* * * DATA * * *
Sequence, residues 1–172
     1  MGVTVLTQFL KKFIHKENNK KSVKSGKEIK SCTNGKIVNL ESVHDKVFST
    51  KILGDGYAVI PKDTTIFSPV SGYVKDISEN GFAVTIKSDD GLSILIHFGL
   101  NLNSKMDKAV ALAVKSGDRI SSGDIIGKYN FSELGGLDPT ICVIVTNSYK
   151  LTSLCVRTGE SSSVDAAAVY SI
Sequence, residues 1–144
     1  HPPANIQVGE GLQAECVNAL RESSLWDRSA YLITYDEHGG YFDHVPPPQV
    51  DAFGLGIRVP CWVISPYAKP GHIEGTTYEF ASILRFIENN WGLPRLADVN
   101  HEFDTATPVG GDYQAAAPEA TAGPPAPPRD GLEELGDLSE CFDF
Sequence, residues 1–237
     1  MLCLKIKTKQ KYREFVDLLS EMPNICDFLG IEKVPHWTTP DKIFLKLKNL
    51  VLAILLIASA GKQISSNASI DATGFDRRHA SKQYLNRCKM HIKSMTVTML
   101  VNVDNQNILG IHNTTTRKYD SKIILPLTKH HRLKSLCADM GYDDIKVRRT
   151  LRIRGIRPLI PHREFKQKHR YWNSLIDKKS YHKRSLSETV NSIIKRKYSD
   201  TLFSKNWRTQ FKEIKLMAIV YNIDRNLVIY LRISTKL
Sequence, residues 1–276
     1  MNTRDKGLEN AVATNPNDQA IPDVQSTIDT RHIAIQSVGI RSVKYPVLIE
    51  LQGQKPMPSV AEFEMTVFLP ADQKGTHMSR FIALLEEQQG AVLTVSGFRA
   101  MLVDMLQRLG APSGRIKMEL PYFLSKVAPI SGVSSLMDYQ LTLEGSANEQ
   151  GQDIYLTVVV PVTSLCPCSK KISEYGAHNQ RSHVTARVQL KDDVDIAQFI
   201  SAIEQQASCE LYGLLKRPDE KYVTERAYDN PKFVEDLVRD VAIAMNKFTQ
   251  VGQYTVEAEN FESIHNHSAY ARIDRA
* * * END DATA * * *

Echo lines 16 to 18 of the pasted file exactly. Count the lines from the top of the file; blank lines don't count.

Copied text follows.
Sequence, residues 1–276
     1  MNTRDKGLEN AVATNPNDQA IPDVQSTIDT RHIAIQSVGI RSVKYPVLIE
    51  LQGQKPMPSV AEFEMTVFLP ADQKGTHMSR FIALLEEQQG AVLTVSGFRA